This trend held true even when respondents didn’t know what speed they were getting. 36% of Americans don’t know the internet speed they get to their house, but only 20% of them said they were dissatisfied with their service.
Of the 47% of women who didn’t know their internet speed, only 20% said they were dissatisfied with their service. Men, on the other hand, were more satisfied — only 19% said they’re dissatisfied with their speeds — and only 25% reported not knowing their speeds.
Similarly, those making under $40K also had a 20% dissatisfaction rate, despite 36% not knowing their speed.
The one group that was less happy with their service was people over the age of 55. The 45% of this group who didn’t know their internet speed had the largest dissatisfaction rate around speeds, with 23% unhappy with the speeds they receive.
Surprisingly, knowing your internet speed doesn’t necessarily mean you’re happier with it. “There is actually not a significant difference in satisfaction between those that report having internet service with download speeds over 50 Mbps, and those that don’t know their speed,” Leichtman told us. “However, those that report having internet speeds under 50 Mbps are significantly less satisfied than both other groups.”
Speed isn’t the issue for most people
For many people, these positive sentiments probably look a little too rosy. Aren’t internet service providers mostly known for long hold times and unexpected price hikes? While most people are actually pretty satisfied with the internet speed they’re getting, that doesn’t mean they’re happy with the process as a whole.
In the American Customer Satisfaction Index’s most recent update, internet service providers ranked dead last out of the 16 industries that received a score. Consumer Reports’ rankings tell a similar story: Almost every nationwide internet provider received low scores for value and technical support, while reliability and speed were typically scored higher.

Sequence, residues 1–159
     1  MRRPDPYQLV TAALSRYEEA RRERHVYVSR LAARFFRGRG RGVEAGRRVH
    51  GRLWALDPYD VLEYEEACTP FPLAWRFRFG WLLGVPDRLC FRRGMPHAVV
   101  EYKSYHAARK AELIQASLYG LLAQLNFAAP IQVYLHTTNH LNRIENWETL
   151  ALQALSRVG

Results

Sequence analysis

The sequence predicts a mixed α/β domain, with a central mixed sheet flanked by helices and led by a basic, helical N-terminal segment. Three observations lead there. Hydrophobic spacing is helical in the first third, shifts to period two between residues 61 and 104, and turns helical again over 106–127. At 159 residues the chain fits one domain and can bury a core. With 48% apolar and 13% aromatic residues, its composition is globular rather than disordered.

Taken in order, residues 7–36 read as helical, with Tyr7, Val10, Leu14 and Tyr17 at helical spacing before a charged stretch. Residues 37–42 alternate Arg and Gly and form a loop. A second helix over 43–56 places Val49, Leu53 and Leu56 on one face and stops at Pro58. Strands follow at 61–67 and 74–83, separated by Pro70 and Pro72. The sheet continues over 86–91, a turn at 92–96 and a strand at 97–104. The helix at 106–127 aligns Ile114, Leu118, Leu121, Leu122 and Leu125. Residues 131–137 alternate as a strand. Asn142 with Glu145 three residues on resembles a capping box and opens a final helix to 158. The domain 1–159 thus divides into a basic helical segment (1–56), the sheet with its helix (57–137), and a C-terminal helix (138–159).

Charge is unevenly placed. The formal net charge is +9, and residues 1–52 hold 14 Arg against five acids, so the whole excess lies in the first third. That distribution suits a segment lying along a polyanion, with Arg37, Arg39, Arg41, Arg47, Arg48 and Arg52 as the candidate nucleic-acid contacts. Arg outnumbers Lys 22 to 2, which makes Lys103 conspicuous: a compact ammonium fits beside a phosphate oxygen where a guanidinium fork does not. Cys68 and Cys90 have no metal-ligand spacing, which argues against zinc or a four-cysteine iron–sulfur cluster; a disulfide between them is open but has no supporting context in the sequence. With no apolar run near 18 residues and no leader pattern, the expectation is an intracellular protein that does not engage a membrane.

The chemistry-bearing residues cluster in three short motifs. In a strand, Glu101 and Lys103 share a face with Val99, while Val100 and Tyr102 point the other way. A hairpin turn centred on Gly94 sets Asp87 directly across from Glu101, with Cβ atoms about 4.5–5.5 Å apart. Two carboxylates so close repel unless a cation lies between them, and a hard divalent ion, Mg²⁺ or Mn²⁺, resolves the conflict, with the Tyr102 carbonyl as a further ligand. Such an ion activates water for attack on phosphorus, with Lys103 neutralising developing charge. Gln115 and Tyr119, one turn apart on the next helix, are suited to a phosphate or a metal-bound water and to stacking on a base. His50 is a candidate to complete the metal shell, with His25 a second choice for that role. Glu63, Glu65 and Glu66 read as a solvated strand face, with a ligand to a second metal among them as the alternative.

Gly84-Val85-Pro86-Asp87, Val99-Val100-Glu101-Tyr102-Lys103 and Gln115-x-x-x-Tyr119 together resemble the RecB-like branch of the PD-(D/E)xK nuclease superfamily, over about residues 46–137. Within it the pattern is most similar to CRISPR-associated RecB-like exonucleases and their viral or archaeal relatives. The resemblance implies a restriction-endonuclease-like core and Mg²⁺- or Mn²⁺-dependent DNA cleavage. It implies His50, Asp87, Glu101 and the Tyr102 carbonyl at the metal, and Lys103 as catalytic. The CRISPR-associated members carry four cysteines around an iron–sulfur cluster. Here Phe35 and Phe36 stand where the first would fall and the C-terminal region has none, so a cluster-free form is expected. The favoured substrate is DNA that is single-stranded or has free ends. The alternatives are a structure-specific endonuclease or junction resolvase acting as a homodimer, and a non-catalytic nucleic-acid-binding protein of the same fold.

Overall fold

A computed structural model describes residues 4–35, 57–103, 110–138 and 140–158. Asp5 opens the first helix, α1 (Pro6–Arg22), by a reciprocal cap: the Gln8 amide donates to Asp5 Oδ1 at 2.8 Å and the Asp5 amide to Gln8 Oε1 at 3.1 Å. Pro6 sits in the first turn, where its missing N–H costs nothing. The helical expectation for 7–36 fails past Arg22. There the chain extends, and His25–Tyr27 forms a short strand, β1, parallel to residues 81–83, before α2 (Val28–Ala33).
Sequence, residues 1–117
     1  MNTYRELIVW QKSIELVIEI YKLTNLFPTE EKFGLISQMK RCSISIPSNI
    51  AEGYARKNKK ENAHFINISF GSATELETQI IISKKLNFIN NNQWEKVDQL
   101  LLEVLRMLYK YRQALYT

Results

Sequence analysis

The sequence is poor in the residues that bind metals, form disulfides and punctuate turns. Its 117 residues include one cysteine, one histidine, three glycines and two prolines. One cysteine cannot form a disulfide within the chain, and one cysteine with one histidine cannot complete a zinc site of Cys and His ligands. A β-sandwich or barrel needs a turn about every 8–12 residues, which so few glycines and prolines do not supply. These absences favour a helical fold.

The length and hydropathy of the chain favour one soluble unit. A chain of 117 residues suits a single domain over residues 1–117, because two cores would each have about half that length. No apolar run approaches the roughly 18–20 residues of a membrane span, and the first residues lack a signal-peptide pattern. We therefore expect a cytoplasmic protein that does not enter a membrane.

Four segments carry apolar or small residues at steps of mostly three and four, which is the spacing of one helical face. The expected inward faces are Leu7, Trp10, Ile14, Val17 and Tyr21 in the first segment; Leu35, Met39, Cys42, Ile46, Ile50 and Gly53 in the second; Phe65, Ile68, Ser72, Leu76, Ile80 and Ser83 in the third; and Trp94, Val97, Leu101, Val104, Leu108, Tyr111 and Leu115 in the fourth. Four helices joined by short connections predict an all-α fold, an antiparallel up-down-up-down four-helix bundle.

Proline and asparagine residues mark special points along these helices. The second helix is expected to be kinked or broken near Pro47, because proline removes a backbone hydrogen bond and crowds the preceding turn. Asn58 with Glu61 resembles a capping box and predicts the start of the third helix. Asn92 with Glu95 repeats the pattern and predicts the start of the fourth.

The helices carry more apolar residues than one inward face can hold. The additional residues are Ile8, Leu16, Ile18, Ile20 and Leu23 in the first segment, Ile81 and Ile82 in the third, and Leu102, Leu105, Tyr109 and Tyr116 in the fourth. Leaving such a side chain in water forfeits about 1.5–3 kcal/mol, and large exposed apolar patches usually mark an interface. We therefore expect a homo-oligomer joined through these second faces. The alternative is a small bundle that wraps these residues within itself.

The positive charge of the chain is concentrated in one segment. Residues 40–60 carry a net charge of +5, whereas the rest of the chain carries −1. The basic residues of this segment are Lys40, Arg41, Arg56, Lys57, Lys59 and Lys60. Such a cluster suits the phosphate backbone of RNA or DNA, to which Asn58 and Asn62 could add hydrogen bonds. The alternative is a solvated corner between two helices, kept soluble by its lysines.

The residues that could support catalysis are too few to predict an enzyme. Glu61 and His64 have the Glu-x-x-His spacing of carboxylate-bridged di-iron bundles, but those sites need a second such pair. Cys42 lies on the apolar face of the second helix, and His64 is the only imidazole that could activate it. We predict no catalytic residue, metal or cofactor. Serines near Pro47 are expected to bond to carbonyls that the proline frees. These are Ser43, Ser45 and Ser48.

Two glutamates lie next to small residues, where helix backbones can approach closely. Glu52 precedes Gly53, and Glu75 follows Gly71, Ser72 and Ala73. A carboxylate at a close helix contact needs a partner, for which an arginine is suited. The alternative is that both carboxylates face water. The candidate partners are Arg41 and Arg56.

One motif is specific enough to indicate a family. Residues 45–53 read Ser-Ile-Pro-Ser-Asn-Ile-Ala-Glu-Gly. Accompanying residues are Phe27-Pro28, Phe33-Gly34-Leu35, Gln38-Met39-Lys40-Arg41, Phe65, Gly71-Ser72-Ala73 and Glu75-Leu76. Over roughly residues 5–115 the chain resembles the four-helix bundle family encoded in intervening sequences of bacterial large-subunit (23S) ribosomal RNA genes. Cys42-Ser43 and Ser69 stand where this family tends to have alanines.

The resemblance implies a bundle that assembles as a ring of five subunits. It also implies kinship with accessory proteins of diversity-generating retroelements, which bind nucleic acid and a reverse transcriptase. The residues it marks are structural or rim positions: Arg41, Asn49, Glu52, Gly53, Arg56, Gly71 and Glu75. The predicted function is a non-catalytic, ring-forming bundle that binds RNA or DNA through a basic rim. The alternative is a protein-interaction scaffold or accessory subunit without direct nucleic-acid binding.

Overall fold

So while the speeds that Americans receive are satisfactory for most people — good for 11th fastest in the world — the rest of the process leaves a lot to be desired. We pay about $6 more than Asia, $7 more than North America as a whole and $24 more than Europe, and the customer service experience is often frustrating.
73% of Americans don’t know how much internet speed they need
While a large percentage of people don’t know what speed they’re getting, twice as many don’t know how much internet speed they actually need. This group also heavily favored women: 83% of women said they didn’t know how much internet they need compared to only 62% of men. Additionally, 95% of women who don’t know their speeds don’t know what they need.
There was also a significant difference with younger men and women. 74% of women between 18 and 34 didn’t know what speed they need, compared to only 40% of men in the same age group.
Lower-income households were also slightly overrepresented in this category, with 76% of those making less than $40K saying they didn’t know what speed they need compared to 73% for the country as a whole.
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Written by:Joe Supan
Principal Writer, Broadband Content
Joe is a senior writer for CNET covering home technology and broadband. Prior to joining CNET, Joe led MYMOVE’s moving coverage and reported on broadband policy, the digital divide, and privacy issues for the br… Read more
Edited by:Robin Layton
Editor, Broadband Content